Rugby as a (role) model for competing

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Is rugby the best role model for competing? I believe so. I may be entirely biased since I played rugby (union) for more than fifteen years of my life, but I have established a personal credo that says that when I encounter another rugby player I am very probably going to be able to get along with that person under virtually any conditions. Despite the vast pressure, the demonstrations of team spirit and good sportsmanship post-match thus far at the RWC have been sterling examples for how sport should be played. Yes, there have been altercations and some nasty boots and tackles. That’s part of the war-like environment in the heat of the match. Yet, the vivid emotions after the match were testament to the intensity of the game. The upset favorites (All Blacks and Wallabies) totally in dismay. The underdog victors (France and England) in ecstasy. And yet, the teams shook hands with solid displays of good sportsmanship. No gloating by the winners. No sour grapes from the losers. Good natured winning and dignified (if still incredulous) losing.

Among the strong values in rugby is the lack of glorification around the person doing the scoring. There is no madman running around lifting up his shirt and kissing the sky to the adulation of the fans. Typically, there will be a pat on the back from the teammates and a “let’s get on with it” attitude. A score is normally the result of a team effort. The kicker, for his part, has an assignment.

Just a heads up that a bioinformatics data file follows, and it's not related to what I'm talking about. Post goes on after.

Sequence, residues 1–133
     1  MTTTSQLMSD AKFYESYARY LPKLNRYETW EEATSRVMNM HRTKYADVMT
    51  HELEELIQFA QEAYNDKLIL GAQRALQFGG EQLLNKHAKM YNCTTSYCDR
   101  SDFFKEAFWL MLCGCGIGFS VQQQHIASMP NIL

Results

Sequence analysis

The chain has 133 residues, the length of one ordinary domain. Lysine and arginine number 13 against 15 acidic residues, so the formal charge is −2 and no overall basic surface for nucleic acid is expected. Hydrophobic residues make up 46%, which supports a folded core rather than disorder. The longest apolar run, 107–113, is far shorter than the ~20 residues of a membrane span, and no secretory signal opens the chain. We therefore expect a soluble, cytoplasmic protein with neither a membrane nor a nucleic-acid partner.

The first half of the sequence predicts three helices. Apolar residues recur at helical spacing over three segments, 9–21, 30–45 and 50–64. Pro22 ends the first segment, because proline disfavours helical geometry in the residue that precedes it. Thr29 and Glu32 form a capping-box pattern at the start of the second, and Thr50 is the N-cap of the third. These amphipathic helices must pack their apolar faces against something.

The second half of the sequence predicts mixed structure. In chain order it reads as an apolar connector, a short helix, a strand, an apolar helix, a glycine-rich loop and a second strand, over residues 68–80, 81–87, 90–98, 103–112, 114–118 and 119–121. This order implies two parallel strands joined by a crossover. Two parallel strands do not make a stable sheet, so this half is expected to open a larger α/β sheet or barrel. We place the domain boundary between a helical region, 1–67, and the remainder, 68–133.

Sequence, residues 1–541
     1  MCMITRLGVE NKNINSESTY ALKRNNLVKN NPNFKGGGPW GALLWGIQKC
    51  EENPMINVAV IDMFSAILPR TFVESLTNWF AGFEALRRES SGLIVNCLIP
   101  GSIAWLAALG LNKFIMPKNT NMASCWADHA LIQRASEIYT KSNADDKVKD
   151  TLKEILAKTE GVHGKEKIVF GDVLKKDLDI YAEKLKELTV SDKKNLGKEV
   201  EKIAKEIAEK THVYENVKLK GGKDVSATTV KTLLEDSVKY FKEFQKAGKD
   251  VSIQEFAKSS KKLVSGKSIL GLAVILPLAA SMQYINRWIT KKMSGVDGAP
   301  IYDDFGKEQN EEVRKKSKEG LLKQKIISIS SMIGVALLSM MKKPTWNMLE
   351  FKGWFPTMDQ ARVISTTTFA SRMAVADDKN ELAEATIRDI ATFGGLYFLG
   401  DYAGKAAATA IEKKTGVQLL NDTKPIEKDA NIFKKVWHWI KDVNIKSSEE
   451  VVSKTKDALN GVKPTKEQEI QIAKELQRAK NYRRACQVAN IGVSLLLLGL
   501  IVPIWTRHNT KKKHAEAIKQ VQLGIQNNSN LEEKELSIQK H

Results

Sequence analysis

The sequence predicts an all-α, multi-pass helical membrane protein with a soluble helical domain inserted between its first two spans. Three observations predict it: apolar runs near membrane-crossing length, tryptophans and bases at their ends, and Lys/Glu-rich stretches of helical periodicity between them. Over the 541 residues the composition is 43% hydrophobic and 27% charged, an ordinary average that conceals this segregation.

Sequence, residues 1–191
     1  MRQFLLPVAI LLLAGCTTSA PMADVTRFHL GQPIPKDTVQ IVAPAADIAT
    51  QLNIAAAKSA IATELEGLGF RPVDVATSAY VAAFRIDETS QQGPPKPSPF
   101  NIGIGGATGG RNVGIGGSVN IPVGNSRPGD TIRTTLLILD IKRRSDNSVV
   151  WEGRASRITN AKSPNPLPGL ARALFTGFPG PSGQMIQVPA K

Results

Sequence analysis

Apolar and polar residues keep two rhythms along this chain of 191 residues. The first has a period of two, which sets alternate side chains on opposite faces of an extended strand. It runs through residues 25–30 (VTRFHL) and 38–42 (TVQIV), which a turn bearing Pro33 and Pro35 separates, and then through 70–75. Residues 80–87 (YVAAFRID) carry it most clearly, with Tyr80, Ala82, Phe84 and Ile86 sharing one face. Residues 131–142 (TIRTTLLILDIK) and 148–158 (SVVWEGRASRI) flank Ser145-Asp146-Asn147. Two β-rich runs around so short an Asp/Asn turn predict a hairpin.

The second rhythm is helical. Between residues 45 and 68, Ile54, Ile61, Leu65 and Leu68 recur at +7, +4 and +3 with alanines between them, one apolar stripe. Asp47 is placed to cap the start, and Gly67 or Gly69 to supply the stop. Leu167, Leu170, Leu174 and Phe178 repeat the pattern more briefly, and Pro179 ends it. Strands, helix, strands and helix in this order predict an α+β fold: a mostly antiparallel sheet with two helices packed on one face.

Another favourite (for amateur rugby at least) is, of course, the famous 3rd half, down at the local pub–once we hit the legal drinking age, ahem–where both sides will meet for a drink’em up/patch’em up get-together.

In the face of the multiple sporting scandals around doping, gambling, rigging of results, is society losing touch with the purpose of sports? In my life, sports have always served as the three E’s: entertainment, exercise and education. For most sports these days, there is just too money circulating it would seem to key a “valuable” eye on the ball.

Rugby sportsmanship isn’t always perfect; nor does it have a monopoly on good sportsmanship. It exists fortunately everywhere. However, among the other team sports that show genuine good spirit after hard combat I would cite ice hockey and lacrosse. And I pay particular attention to these sports where, for the most part, there is not the same kind of money as in other professional sports. Playing rugby comes above all from an authentic passion for the game, not because of a dollar bill waved in the air (although it is of course a professional sport in the big rugby playing countries and the players receive adulation and achieve star status).

To allow a child to play a rough sport at school is often a challenge for the parent. That’s not essential, but the three sports of ice hockey, lacrosse and rugby have my vote for giving the best and most authentic values. Whatever the team sport, learning the camaraderie (as well as the leadership skills) in true team sports is an invaluable lesson for life and business.